All this week's biggest local, national and world stories
In western Canada, there's no surer sign of the start of summer than the Calgary Stampede, Alberta's annual celebration of all things cowboy (and cowgirl,) which ends Sunday. (Easterners have been known to flock to the event and get into the spirit by buying Stetsons — which then languish in their closets forever more). It's a coming together of a Canadian family of sorts (though there was no coming together between Alberta's re-elected premier and the NDP's new leader at this year's edition, due to their deep differences over the province's oil sands). Heck, the Stampede even nodded toward its French-speaking visitors this week by reinstating a French verse in the national anthem.
Caught up in the spirit of the festivities, Prime Minister Stephen Harper even declared Calgary, his adopted hometown, to be Canada's No. 1 city, drawing some critical reviews from the likes of, oh, maybe Toronto, Montreal and Vancouver.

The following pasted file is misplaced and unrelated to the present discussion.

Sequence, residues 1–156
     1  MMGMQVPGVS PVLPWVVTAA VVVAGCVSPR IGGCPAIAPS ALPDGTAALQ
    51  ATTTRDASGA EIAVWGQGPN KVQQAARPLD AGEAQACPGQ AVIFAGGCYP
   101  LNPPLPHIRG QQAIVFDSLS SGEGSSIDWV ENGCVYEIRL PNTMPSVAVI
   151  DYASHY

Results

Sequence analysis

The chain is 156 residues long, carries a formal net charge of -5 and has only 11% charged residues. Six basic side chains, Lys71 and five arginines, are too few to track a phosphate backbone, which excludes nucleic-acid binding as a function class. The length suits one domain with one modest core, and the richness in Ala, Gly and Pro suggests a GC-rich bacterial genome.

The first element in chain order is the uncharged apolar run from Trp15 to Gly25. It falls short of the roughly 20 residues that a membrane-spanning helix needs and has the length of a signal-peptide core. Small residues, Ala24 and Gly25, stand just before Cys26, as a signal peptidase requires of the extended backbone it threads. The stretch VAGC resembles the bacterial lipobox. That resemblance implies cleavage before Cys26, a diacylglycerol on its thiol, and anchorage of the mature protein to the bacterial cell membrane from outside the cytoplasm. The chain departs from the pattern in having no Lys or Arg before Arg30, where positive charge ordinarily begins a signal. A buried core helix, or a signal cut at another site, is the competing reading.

Unfortunately, there was yet another accident Thursday night at — you guessed it — the chuckwagon racetrack, which ended the lives of at least three horses.
However, with a tip of the hat to the Stampede and its 100th anniversary, The Rundown herewith ropes, rassles and rounds up the highlights of the week's news. Come along for the ride. Stay aboard, if you can.
Syrian charity organisations in rebel-held areas were distributing new clothes for Aleppo residents to wear for the upcoming Eid Al-Fitr, which marks t... More Syrian charity organisations in rebel-held areas were distributing new clothes for Aleppo residents to wear for the upcoming Eid Al-Fitr, which marks the end of the Muslim fasting month of Ramadan. Duration: 00:52
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